Tanya Bokat says
What is the shelf life of the syrup and does it need to be refrigerated?
Great to have stumbled across your blog in the quest for the perfect tonic syrup! Cinchona is difficult to get so I wanted to research before I actually tried making it. I dismissed several recipes off the mark, Jeffrey Morganthaler's because one stalk of lemongrass cannot possibly equal one cup, David Lebovitz (whom I love) because I was suspicious of the cooked citrus thing. Look forward to trying this and will report back - the only thing I was curious about is whether citric acid comes in different concentrations accounting for some commenters finding this recipe on the sour side. I'm going to start with a bit less and tweak as I go. Thanks for doing all the hard work to get us to this point!
Hi there! That's a great question about citric acid - if it's available in different levels of acidity, I'm not aware of it. Good plan to start with less - you can always add more if you want. I think that citrus rind can vary a lot too - in flavor and acidity. So many variables at work! Let me know how it goes... Cheers!
I've made tonic syrup before. This recipe looked intersting so I gave it a go. Way too much citric acid. Way too much! Even diluted with 6 ozs. of club soda it's instant heartburn. I won't sacrifice my gin to a tonic water that I can't even drink straight over ice.
Oh, I'm so sorry that it didn't work out for you. I agree about sacrificing good gin - never a good idea. 🙂 Cheers!
i ve made around 600 G&t at my bar with this recipe, and 99% has been very happy.But the funny thing is that i realized last week that i use 80ml of citric acid instead of 30ml..So this week i am going to try with 30ml.
Wow, you're making it at your bar? That's awesome! Where is your bar? Feel free to leave a link...& let me know how it goes with the reduced citric acid. Cheers!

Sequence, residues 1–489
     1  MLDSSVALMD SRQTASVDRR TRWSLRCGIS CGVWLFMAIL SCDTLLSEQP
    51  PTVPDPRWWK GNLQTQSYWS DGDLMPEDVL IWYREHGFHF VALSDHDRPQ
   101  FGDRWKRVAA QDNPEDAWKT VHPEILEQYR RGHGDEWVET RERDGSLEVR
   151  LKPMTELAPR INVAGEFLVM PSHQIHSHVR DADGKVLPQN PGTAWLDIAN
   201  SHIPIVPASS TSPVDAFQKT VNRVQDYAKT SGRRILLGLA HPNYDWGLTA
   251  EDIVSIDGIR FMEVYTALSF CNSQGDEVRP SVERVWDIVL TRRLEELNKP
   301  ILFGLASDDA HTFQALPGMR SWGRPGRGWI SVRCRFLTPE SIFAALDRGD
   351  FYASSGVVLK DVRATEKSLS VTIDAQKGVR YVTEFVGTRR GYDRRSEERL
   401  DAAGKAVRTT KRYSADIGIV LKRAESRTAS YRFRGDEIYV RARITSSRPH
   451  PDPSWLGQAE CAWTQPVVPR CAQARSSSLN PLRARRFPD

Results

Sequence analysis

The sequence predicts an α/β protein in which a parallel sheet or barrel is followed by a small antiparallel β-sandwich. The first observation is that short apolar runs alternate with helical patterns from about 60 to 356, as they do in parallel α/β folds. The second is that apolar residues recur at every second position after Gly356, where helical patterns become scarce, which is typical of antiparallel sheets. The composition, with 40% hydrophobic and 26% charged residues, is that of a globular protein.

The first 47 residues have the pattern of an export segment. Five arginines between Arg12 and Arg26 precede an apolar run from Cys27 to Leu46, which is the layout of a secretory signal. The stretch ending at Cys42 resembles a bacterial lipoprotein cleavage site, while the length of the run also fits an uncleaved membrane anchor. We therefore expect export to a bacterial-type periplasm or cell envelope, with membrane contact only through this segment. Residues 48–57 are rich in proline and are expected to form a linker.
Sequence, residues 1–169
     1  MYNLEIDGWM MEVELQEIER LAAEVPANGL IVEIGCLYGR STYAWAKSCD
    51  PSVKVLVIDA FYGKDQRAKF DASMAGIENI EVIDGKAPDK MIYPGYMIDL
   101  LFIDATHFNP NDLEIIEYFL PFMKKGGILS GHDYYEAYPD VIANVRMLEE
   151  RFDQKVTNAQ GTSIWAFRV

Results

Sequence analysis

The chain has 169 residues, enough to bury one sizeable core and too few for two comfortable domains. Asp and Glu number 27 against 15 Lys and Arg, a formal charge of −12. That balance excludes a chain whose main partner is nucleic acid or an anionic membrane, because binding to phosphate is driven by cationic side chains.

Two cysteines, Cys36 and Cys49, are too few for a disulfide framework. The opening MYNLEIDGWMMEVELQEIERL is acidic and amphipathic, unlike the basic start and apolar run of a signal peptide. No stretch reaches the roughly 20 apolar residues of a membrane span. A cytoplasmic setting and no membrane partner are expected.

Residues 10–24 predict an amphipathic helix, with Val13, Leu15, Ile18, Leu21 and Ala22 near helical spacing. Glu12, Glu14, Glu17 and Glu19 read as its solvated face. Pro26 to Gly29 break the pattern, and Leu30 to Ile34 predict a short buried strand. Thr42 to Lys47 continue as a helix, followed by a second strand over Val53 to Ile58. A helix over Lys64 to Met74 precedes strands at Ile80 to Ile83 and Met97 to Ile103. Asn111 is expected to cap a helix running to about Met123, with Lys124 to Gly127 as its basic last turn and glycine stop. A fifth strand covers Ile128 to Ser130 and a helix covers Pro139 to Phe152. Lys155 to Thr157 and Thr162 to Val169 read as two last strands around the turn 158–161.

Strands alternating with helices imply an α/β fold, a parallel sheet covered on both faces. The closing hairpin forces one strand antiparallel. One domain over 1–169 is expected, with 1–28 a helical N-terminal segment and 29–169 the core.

It's been a compromise, we are using around 50ml.We also use some star anise & cinnamon.
I've compared this with a new tonic in the market here in Sweden.Ours.Yours..:) is way better!
Wow, thanks Marcis! Cheers!
Andy Berndt says
I've made many other tonic recipes, but this had many more tasty botanicals and I was intrigued by the steeping process versus the cooking process. Then I tried. Whoooooooooa. So good! This blew my mind. Loved it! Thank you for sharing this recipe! Took tonic to a whole other level!
aww, thanks so much, Andy! Glad you're enjoying it...cheers!
Vinay Patel says
I had a fund raiser party with 50 people and offered 5 drinks, The only drink that everyone came back or 2nd's and 3rd,s was the G&T. Thanks you very much for the awesome recipe
Even my wife who only drinks wine is now a fan of this G&T
Wow! What a lovely comment - thank you so much for letting me know!
Vinay Patel says
this is the best G&T ever. My wife who is only a wine drinker loves this G&T. I am getting ready to pour this G&T to 50 guests tomorrow. Will post their reactions
You made my day! 🙂
We really enjoyed this. I think it was VERY strong though, so we wound up diluting the syrup with a bit more sparkling water, but the end result was very tasty. We also used empty tea bags (for use with loose leaf tea) to strain the mixture, which worked out brilliantly. Thanks for sharing!
I haven't made your recipe yet, but I was wondering what brands of gin you like in G&Ts. I've been experimenting with the standard G&T recipe and then adding a small amount of St Germaine elderflower liquor and grapefruit bitters, and it's pretty fantastic. I'm excited to replace my generic store bought tonic with your recipe and see how it improves my experiment. Thanks for posting your results.
Hi Mason. That hint of elderflower / grapefruit bitters sounds delicious! Generally we drink a locally produced gin - Cascade Lakes. Or, when we're budget minded Gordon's dry. Have you tried Hendrick's? Honestly, it's a bit too floral for me, but some people LOVE it. Cheers!
Jackie Fein says
Hi Marissa. I made it and I love it but I have a question - how long does your tonic syrup last in the fridge?
Hi Jackie - that's a great questions! We tend to keep ours for a few months. I'm careful to start with a very clean container and always add a splash of vodka to help extend it. Cheers!
Brenda Weller says
Hi Marissa- Do you know how long the Tonic syrup will keep in the fridge? Just wondering about storage life. My hubby and I love Gin & Tonics. Now I want to make your homemade tonic. So excited to try!
I wish I could say an exact amount of time, but I honestly don't know. We've had ours in the fridge for a couple of months with no problem. To help it last as long as possible, be sure you start with a very clean container and splash in a little vodka at the end to extend it even longer. Cheers!
Looks like a great recipe! Trying right now. Can I ask the reasoning behind cold maceration for the water and solid ingredients? Looking forward to the results!
We tried cooking the ingredients a few times and the citrus always tasted 'cooked'. So we decided to try a cold extraction and really prefer the taste. If you give it a try, let me know what you think.